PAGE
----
That being said, the single biggest flaw with Mass Effect 3, is that the culmination of all the choices you have made in the past games does not branch off into multiple endings. Everything you have ever done up to this point pretty much means that you will save the galaxy. (SORRY TO SPOIL THE ENDING, BUT WHO DIDN'T SEE THAT COMING). All roads lead to Shepherd becoming the galactic savior. I really do not like this. What does the game teach you about making choices in life if the hundreds of choices you have previously made are always going to lead to the same outcome. I really would have liked to see an ending where you fail, where all of your efforts haven't been enough and you realize where you went wrong, because that is exactly how Shepherd would have felt if that had happened. I think back to great military operations from World War II such as Operation Barborassa and the invasion of Normandy (allusion to Shepherd's ship). Barborassa failed because Hitler stalled too much and was well into the Russian Winter by the time the siege of Moscow and Stalingrad took place, but had he not stalled it would have ended differently. Normandy succeeded, because the Germans thought the allies wouldn't invade at Normandy. Had the Germans made different choices in those two scenarios the war would have been a lot different, and the Nazis very well could have won. Many will argue that an ending where the galaxy is doomed isn't satisfying, but choice in video games is not about satisfaction, it is about understanding that actions have consequences. For instance, what if you had to make a choice to save one squad member when you were taking back Earth, say Ashley (my personal favorite), but the cost of that would be that it would take you longer to reach the citadel, and the result of that would be that you couldn't power the crucible in time, and you couldn't destroy the reapers. I really think I would have taken the time to save Ashley if I was faced with that choice. Then at the end of the game, when I had lost, I would seriously question my decision, but I don't feel that with any of my choices in the end. Its not because the ending was very vague, which I kind of liked, its just because it is clear that the ending was set in stone before you pressed start on your controller to play Mass Effect 1. This isn't something that a DLC ending designed to "provide more closure" can do, its just the way in which the ending is structured.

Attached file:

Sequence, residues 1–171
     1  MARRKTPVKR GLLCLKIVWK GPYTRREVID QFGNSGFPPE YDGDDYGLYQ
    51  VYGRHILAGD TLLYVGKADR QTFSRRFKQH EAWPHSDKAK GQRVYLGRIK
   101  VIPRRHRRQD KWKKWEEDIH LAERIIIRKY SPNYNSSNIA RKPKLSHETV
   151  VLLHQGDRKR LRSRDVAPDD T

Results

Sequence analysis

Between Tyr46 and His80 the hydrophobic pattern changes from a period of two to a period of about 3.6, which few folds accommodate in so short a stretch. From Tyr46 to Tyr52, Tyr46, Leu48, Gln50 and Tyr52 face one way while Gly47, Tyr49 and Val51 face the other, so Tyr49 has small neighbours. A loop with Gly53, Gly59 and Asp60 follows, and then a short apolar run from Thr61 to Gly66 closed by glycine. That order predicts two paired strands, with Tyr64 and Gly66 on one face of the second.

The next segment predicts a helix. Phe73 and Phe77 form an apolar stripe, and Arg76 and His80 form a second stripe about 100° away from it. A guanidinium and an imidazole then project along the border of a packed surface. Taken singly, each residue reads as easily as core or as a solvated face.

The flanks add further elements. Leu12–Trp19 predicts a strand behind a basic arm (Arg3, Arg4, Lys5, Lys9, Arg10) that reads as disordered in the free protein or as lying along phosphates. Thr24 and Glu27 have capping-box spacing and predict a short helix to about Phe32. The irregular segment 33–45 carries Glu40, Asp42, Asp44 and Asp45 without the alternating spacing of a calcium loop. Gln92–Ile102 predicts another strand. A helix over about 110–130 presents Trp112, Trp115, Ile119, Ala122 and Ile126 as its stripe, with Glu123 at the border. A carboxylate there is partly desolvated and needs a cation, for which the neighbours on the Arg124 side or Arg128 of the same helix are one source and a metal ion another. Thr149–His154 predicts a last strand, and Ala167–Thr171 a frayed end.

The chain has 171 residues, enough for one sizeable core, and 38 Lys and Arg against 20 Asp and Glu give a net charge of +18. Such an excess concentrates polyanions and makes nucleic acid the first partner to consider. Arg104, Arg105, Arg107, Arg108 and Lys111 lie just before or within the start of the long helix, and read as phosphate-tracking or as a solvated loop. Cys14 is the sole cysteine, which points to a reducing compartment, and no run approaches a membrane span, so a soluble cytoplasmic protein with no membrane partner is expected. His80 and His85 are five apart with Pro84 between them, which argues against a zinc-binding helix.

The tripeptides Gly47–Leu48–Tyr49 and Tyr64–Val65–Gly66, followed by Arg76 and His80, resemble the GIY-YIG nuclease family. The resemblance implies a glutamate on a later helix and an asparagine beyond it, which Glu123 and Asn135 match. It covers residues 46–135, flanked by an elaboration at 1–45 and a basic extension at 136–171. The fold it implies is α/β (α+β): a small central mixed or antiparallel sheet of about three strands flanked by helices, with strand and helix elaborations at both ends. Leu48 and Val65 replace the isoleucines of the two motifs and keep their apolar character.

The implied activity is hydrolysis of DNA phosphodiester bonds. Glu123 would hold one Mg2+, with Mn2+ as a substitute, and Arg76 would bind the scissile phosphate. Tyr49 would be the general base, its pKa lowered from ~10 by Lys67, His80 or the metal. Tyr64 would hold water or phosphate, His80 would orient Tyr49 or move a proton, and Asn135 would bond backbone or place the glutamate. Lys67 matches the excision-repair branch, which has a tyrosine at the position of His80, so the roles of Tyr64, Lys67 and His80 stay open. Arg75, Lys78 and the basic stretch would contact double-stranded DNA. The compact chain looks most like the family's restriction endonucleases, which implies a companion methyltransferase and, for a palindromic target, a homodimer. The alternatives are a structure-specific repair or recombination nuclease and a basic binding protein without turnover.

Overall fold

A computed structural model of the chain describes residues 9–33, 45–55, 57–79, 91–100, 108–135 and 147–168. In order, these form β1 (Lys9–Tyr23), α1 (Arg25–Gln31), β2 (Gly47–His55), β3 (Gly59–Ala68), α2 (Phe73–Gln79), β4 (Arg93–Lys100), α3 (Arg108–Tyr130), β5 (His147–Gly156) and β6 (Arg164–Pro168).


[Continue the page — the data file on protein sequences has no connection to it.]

As for the controversial ending's content, I felt that the mysterious nature of the vague ending really asked some thought provoking questions. What is humanities place in the Universe, are we significant, are we insignificant, and can one person really save that many people? My only issue with it was that they only showed Anderson, Joker, and Liara, as Shepherd pondered his thoughts. I liked all of those characters, don't get me wrong, but there were characters I like a lot more. Honestly I feel like it would have been so much better, if they showed all of your crucial actions taken in the three games and all of the people you had lost to get to this point culminating at the end. It really would have made me satisfied with the content of the ending. Something like the final possession scene from the movie Harry Potter and the Order of the Phoenix, something that was nostalgic, yet ultimate. I really would have liked seeing Mass Effect 1 choices of me telling Kaiden to sacrifice himself to set off the Nuke of Virmire, me allowing the Rachnai queen to live, or me choosing to let the council die; also seeing my companions get killed on the suicide mission from Mass Effect 2.

At the end of the day, Mass Effect really is a truly incredible series, unlike any that has come before it. That being said, however, it was so close to being hands down the greatest piece of video game storytelling I have ever experienced. The journey is incredible both in its lore, details, gameplay, and story, the ending is fun to experience, but I really don't think I wanted a fun ending in my game. I wanted my own unique ending that suited the choices that I had made in the past, and that was not what I got. It is still a very worthwhile game for anyone who played the previous two.